The Nervous System
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Nervous System Basics
The nervous system consists of a highly specialized network of cells called neurons that transmit electrochemical signals throughout the body; there are a hundred billion neurons in the brain alone. This section highlights the best places on the Web to learn about the human nervous system, from how the five senses work to technical aspects such as the mechanism by which action potential transmits sensory input to the brain.
- Most of these sites contain impressive graphics. If you’re searching the subject purely out of curiosity, visiting various sites to view the illustrations can give you a fascinating introduction to the topic.
- The nervous system’s billions of sensors’ responses to stimuli are all interpreted in the brain. To find out more about how the brain works, visit the findingDulcinea Science of the Brain Web Guide.
The Nervous System for Kids
Whether you’re teaching a class about the systems of the body or simply looking to reassure your child before a tooth extraction, you’ll find all the information you’ll need on the Web sites recommended in this section.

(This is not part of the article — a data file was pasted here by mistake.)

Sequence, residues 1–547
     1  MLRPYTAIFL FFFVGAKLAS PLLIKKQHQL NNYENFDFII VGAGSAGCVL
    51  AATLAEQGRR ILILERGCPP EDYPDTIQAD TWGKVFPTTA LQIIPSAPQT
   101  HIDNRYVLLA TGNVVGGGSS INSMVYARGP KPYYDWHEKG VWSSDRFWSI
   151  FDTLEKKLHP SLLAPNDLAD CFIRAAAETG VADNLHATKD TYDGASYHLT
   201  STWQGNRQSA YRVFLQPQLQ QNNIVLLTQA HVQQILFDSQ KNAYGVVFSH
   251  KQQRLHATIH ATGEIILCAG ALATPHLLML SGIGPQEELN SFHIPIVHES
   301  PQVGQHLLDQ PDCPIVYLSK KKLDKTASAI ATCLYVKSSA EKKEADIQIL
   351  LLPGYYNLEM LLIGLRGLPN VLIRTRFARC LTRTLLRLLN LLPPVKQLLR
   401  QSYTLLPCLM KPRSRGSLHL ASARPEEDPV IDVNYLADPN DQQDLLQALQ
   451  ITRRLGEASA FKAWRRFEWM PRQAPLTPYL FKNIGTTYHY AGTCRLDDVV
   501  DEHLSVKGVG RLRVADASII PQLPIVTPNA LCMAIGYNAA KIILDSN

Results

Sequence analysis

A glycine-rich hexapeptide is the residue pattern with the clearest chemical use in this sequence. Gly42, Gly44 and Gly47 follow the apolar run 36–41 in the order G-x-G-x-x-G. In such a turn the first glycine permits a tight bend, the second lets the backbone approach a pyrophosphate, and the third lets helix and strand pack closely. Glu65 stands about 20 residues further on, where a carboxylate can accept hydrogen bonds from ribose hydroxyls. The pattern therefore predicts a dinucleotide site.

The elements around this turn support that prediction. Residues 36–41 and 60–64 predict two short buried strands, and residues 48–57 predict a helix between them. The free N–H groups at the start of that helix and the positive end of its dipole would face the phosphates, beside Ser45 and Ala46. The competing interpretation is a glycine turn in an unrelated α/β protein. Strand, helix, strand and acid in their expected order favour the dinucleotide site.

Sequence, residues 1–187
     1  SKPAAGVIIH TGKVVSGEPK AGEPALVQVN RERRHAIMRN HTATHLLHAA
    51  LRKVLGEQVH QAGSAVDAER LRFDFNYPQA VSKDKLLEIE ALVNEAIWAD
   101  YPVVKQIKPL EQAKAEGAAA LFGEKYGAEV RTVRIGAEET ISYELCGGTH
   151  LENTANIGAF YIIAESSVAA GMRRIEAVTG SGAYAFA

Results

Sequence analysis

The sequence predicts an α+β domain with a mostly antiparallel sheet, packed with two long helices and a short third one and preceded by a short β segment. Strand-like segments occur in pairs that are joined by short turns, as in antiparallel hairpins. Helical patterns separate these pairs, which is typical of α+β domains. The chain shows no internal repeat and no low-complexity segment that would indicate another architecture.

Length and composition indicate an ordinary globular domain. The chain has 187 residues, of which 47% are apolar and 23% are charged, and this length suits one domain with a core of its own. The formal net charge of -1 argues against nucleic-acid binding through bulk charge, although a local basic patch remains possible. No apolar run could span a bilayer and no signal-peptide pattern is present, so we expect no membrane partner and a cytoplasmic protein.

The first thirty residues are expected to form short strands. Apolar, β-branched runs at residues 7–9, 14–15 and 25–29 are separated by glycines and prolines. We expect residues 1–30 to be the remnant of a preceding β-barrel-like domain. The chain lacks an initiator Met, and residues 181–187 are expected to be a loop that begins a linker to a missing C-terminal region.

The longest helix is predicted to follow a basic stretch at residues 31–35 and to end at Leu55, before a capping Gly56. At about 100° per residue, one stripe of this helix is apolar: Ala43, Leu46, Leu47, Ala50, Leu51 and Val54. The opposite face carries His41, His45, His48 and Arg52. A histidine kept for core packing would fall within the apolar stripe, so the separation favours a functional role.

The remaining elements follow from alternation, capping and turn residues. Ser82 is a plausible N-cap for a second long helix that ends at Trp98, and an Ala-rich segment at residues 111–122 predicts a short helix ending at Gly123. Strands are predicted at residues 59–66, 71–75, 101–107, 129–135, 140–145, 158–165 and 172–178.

- If you touch a hot stove and burn your hand, the pain isn’t actually in your hand—it’s in your head. The sites below explain why.
- To some extent, the nervous system controls every other system in the body. So if you’re teaching kids about all the systems of the body, it would be a good idea to save the nervous system for last, allowing you to explain how it interacts with the other systems they’re already familiar with.
Advanced Neuroscience Resources
Whether you’re a college biology student or medical student searching for information to help reinforce complex topics, a professor looking for supplemental lecture material or a researcher looking for PET scan images, you’ll find all this and more at the Web sites below.
- Professors should note that, although many of the drawings shown on the sites in this section may look nontechnical, they can be very useful in helping students conceptualize complex topics.